And what if 10,000 people asked the same question at the same time?

There are simple steps, obviously, like trying to capture the names and details of people who call in and store it against the voice record. In some cases that will work, but not for my conference call, or my casual enquiry to the bank (especially if I don’t want to give my name). In highly regulated environments like trading floors, every call is recorded, but at the moment, the metadata is frequently in a mess, and calls are just labelled with the name of the institution that called, or worse, nothing at all.

What I would do?

Set up a biometric database of people who call in (what people call a voiceprint). They are not fool proof, especially for authentication as the BBC demonstrated last year, by hacking HSBC, but they serve as a useful backstop to try to find people who may be trying very hard, and somewhat maliciously, not to be found.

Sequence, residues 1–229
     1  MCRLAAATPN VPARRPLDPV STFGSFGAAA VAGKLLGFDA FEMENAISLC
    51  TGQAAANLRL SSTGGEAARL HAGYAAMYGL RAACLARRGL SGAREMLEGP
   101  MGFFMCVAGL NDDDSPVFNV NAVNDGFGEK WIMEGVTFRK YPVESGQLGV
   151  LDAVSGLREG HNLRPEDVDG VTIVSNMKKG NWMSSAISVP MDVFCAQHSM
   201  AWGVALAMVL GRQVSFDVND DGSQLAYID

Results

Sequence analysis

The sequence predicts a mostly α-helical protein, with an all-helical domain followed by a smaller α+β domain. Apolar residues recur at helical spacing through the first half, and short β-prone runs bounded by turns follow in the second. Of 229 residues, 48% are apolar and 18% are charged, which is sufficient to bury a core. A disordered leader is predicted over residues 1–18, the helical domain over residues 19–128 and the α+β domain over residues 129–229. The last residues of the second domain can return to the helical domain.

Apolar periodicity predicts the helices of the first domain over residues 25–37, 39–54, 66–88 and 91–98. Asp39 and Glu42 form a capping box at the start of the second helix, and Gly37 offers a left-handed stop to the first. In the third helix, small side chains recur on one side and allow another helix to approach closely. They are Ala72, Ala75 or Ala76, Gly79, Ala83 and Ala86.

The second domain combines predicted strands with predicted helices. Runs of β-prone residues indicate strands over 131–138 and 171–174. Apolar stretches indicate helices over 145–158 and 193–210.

What else?

GDPR does not end there. You need to ensure that your data storage is designed with privacy in mind, so ensuring proper access controls over data, and encrypting data at rest and in transit. People must be trained to understand the importance of data protection, and you need to have clear and defined policies in place.

Hype or not?

GDPR undoubtedly throws up new hurdles for businesses, but the real extent of that will only be found out as authorities start to enforce the regulations. Will they really use the maximum fines? And will it help? We have seen a steep rise in compliance for major banks in the wake of the massive fines levied by regulators in the wake of LIBOR, FX and other scandals. But those were multi-billion-dollar fines. The largest ever fine in the UK to date is a mere £400,000 ($560,000).